1939, Robbins Music.
|Song by Glenn Miller|
RCA Victor Bluebird 78, 1939
|Single by Glenn Miller and His Orchestra|
|Recorded||April 4, 1939|
"Moonlight Serenade" is an American swing ballad composed by Glenn Miller with subsequent lyrics by Mitchell Parish. It was an immediate phenomenon when released in May 1939 as an instrumental arrangement, though it had been adopted and performed as Miller's signature tune as early as 1938, even before it had been given the name "Moonlight Serenade." In 1991, Miller's recording of "Moonlight Serenade" was inducted into the Grammy Hall of Fame.
The song was recorded on April 4, 1939 for on RCA Bluebird. It was a Top Ten hit on the U.S. pop charts in 1939, reaching number three on the Billboard charts, where it stayed for a total of fifteen weeks. It was the fifth most popular hit of 1939 in the Billboard year-end tally, where Miller had five records in the top 20.
In the UK, "Moonlight Serenade" was released as the A-side of a 78 for His Master's Voice with "American Patrol" as the B-side. The recording reached number twelve in the UK in March 1954, staying on the chart for one week. In a medley with "Little Brown Jug" and "In the Mood", "Moonlight Serenade" reached number thirteen on the UK charts in January 1976, in a chart run of eight weeks. The recording was also issued as a V-Disc in November 1943.
Miller studied the Schillinger technique with Joseph Schillinger, who is credited with helping Miller create the "Miller sound", and under whose tutelage he himself composed "Moonlight Serenade".
The song evolved from a 1935 version entitled "Now I Lay Me Down to Weep", with music by Glenn Miller and lyrics by Eddie Heyman to a version called "Gone with the Dawn" with lyrics by George Simon, and "The Wind in the Trees" with lyrics by Mitchell Parish. In his biography of Glenn Miller, George T. Simon recounted how vocalist Al Bowlly of the Ray Noble Orchestra sang him the Eddie Heyman lyrics to the Glenn Miller music of "Now I Lay Me Down to Weep" in 1935. The Noble Orchestra never recorded the song. Finally it ended up as "Moonlight Serenade" because Robbins Music bought the music and learned that Miller was recording a cover of "Sunrise Serenade", a Frankie Carle associated song for RCA Victor. They thought "Moonlight" would be a natural association for "Sunrise".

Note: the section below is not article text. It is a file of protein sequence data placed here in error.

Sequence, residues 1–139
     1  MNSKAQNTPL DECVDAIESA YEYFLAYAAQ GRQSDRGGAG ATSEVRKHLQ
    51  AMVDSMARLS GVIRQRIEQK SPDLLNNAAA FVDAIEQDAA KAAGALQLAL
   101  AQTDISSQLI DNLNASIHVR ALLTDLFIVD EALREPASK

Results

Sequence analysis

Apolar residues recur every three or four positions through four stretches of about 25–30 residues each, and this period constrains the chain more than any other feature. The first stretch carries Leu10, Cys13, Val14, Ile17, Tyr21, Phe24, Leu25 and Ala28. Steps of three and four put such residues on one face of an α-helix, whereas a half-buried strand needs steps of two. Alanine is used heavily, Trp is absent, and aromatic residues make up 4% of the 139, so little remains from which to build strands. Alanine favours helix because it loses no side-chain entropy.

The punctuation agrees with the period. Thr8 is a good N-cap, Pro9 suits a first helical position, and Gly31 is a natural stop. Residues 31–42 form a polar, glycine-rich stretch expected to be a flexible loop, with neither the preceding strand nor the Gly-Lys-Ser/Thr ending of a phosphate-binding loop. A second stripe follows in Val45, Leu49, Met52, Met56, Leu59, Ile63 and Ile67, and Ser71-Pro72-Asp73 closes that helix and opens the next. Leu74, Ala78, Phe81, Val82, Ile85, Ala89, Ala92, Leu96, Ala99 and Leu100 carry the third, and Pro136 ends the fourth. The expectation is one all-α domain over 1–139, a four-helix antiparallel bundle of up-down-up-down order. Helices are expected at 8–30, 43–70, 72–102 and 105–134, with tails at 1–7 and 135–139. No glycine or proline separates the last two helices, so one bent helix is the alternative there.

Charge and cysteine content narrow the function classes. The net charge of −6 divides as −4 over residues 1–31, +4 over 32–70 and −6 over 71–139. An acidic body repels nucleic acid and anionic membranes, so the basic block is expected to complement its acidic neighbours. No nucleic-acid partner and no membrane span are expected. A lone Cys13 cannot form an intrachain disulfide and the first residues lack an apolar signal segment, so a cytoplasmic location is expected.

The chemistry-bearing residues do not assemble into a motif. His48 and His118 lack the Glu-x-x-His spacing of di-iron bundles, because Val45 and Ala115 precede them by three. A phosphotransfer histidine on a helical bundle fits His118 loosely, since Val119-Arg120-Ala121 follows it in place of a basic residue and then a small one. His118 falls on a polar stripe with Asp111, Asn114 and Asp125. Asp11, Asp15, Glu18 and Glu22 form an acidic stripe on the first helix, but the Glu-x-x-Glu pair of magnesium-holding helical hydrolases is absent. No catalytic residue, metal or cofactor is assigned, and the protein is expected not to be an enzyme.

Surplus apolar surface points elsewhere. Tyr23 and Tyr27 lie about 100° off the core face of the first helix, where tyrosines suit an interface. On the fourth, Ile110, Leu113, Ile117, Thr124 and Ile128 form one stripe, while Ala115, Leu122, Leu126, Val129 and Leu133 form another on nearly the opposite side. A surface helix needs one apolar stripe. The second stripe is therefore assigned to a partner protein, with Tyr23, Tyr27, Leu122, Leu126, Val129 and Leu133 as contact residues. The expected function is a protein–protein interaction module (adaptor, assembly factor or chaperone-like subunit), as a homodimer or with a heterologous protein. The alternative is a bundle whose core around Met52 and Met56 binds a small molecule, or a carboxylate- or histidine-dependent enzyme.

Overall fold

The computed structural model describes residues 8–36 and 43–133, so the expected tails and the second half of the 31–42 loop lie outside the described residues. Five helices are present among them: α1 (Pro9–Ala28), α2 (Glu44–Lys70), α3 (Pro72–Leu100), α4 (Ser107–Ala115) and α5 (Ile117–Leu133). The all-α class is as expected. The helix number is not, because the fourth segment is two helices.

Jazz critic Gary Giddins wrote about the song's impact and legacy; "Miller exuded little warmth on or off the bandstand, but once the band struck up its theme, audiences were done for: throats clutched, eyes softened. Can any other record match 'Moonlight Serenade' for its ability to induce a Pavlovian slobber in so many for so long?" (The New Yorker, May 24, 2004).
The 1939 RCA Victor studio recording of "Moonlight Serenade" was released by the U.S. War Department as Army V-Disc 39A, VP 75, Theme Song, in November, 1943. The recording was also released as the Navy V-Disc No. 160A and the Marine Corps V-Disc No. 160A. A V-Disc test pressing of a recording of the song from November 17, 1945 by the AAF Band was made but the disc was not issued. A new recording by Glenn Miller with the American Band of the Allied Expeditionary Forces (AEF) was broadcast to Germany in 1944 on the radio program The Wehrmacht Hour.
- Song artist 6 - Glenn Miller..
- "Joseph Schillinger, the forgotten Guru", The Schillinger School of Music
- ""Who Is Joseph Schillinger?"". Archived from the original on July 6, 2006. Retrieved 2008-07-17.CS1 maint: BOT: original-url status unknown (link), The Schillinger System.
- Simon, George T. Glenn Miller and his Orchestra, pp, 71-72.
- Honan, William H. (10 March 2001). "Frankie Carle, 97, Band Leader Who Wrote 'Sunrise Serenade'". The New York Times. Retrieved 12 November 2018.
- Simon. pp. 162–163.
- Flower, John. Moonlight Serenade: A Bio-discography of the Glenn Miller Civilian Band. New Rochelle, NY: Arlington House, 1972.
- Simon, George Thomas. Simon Says. New York: Galahad, 1971. ISBN 0-88365-001-0.
- Simon, George Thomas. Glenn Miller and His Orchestra. NY: Crowell, 1974.